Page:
Certain questions about Tidy come up on a regular basis. These are some that have been culled from postings to the email@example.com and firstname.lastname@example.org mailing lists. If you don't see your question addressed here, see How To Get Support below.
If you have a popup screen that reads as follows:
HTML Tidy for Windows <vers 1st August 2002; built on Aug 8 2002, at 15:41:13> Parsing Console input <stdin>
and do not know what to do next, read on.
Tidy is waiting for your HTML to come in, so it can parse it. Tidy is fundamentally a tool that reads in HTML cleans it up and writes it out again. It was developed as a program you run from the console prompt, but there are GUI encapsulations available, e.g. HTML-Kit, which you might prefer.
If you are using Windows, the first step is to unzip the zip file and place the tidy.exe file in a folder somewhere on your executables path. You may also want to set up a config file to save having to type lots of options each time you run Tidy. From the console prompt you can run Tidy like this:
C> tidy -m mywebpage.html
In this case, the
-m option requests Tidy to write
the tidied file back to the same filename as it read from
(mywebpage.html). Tidy will give you a breakdown of the problems it
found and the version of HTML the file appears to be using.
To get a listing of Tidy command line options, just type
tidy -?. To see a listing on configuration options,
tidy -help-config. To get more info on the
config options, see the Quick Reference.
See also Dave Raggett's User Guide.
If you're not comfortable with the DOS command line, you should try one of the GUI Applications.
For general HTML Tidy support, the original mailing list email@example.com is best. Sometimes developers are the last to know... Also, this list covers both Java and C versions, not to mention various value-added products such as GUI front ends, Perl and Python integration, etc. If you don't get a response after a couple tries or if you have a bug fix, bump it over to the developer list at firstname.lastname@example.org. It's not a hard line, but that is the general arrangement.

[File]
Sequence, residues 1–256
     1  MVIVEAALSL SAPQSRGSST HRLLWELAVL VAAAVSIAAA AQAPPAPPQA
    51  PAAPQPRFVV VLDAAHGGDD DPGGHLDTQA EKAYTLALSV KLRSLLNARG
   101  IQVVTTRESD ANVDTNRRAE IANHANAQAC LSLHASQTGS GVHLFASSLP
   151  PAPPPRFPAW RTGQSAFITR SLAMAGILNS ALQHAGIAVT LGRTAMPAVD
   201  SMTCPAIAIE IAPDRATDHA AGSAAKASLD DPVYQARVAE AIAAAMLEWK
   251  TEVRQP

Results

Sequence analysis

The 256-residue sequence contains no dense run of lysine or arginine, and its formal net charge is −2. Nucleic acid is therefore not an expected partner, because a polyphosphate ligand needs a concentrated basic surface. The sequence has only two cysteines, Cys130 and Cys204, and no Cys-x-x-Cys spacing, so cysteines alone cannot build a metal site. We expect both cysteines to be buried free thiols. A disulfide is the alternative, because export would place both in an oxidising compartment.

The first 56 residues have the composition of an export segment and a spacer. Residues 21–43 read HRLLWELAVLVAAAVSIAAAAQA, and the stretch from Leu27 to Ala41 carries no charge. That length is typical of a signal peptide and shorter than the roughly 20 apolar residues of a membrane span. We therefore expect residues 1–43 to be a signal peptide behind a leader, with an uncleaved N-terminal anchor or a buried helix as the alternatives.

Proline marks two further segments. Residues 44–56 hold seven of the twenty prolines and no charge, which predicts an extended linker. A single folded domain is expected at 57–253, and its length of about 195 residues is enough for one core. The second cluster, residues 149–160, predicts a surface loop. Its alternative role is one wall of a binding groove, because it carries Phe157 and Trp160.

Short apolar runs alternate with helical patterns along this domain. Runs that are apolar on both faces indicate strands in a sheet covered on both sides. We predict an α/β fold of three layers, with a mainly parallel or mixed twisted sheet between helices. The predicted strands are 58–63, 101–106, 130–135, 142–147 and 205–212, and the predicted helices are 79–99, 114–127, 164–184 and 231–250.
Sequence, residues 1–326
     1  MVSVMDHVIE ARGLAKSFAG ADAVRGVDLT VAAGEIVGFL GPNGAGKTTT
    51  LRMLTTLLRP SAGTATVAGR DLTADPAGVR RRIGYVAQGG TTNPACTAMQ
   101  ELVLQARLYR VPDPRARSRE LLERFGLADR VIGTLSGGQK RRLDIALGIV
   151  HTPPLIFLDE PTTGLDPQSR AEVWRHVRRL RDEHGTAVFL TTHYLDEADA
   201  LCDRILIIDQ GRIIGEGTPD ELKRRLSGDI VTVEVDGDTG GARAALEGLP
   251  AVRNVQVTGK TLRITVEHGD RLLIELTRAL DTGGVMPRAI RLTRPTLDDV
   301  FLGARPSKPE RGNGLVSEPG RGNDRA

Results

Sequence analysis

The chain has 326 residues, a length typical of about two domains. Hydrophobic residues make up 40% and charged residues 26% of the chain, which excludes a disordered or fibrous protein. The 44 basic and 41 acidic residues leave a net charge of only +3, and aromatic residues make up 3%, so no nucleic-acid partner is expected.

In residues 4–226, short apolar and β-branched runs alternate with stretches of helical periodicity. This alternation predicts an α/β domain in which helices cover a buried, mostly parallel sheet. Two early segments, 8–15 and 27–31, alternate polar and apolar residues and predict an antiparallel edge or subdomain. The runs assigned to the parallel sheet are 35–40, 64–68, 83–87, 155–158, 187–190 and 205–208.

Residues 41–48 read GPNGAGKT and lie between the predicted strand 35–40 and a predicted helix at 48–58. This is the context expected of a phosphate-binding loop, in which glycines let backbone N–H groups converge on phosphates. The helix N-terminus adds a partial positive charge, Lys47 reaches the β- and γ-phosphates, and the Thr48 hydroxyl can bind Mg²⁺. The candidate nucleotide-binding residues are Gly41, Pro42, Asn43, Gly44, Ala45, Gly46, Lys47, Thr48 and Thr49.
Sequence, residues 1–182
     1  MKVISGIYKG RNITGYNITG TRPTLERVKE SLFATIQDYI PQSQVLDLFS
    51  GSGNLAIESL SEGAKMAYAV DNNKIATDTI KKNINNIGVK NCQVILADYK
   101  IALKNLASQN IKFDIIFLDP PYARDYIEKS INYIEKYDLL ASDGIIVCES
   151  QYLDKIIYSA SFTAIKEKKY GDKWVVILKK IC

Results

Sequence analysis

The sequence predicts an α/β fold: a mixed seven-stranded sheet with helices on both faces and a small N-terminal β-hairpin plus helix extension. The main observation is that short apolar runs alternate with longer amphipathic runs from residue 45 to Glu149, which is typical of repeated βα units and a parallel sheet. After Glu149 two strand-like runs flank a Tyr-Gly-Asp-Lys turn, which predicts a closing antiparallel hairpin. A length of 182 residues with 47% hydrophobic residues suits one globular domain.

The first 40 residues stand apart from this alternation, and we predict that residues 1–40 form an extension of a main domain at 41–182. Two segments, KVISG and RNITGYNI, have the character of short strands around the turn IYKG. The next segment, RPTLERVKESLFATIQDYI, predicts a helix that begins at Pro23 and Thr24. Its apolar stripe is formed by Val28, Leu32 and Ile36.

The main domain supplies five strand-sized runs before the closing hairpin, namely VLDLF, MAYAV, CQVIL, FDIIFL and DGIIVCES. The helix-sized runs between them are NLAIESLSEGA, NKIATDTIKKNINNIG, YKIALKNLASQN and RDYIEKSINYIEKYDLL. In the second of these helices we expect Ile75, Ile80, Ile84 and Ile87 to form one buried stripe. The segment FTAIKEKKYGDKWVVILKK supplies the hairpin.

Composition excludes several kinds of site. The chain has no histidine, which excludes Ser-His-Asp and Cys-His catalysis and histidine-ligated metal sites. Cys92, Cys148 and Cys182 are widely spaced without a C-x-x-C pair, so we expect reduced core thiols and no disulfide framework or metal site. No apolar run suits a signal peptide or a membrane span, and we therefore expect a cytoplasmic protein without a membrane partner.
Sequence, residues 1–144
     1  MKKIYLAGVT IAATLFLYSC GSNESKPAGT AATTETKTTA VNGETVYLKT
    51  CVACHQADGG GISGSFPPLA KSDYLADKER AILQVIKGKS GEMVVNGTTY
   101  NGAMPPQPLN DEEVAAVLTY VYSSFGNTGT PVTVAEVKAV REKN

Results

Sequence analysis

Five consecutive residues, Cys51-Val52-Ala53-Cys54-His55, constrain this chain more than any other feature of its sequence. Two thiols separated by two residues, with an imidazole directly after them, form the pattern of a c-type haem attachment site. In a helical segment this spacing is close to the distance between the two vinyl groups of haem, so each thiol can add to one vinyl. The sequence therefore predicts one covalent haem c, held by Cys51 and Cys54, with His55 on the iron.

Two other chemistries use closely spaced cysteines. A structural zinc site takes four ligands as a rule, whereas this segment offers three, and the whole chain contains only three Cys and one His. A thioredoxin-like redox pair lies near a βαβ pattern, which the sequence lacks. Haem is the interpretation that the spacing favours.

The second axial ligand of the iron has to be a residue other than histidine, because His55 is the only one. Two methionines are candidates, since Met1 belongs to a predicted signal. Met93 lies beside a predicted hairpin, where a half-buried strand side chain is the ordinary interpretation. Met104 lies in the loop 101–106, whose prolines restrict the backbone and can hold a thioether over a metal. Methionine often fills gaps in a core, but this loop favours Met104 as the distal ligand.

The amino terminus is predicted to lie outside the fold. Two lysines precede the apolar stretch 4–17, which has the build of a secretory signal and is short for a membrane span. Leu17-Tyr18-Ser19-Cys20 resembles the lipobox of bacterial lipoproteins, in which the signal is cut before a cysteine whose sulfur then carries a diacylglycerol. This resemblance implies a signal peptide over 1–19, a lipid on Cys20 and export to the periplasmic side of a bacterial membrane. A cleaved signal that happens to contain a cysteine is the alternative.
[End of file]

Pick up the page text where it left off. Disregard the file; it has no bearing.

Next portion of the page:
You are encouraged to report bugs you found to the Tidy developer team. Tidy's quality depends on your feedback. You can either file your bug report in the Sourceforge bug tracker for HTML Tidy (recommended) or send a mail to the mailing list at email@example.com. Note you do not have to have a Sourceforge account in order to file bug reports, or be subscribed to firstname.lastname@example.org in order to post messages to the list.
Prior to submitting a bug report, please check that the bug is not already known. Many are. If you are not sure, just ask. If it is new bug, make sure to include at least the following information in your report:
tidy -v) and operating system you are running.
-asxml, configuration files, etc. You may use
tidy -show-configto get an overview of the active Tidy settings.
These information are necessary to reproduce whatever is failing, without them we cannot help you. Additional information - and patches - are very welcome!
Please include only one bug per report. Reports with multiple bugs are less easy to track and some bugs may get missed.
If you want Tidy to do something new that it doesn't do today (or stop doing something), then it is probably a feature request.
The process for submitting a feature request is very similar to bug requests. A different tracker is used on SourceForge to denote the difference in subject matter.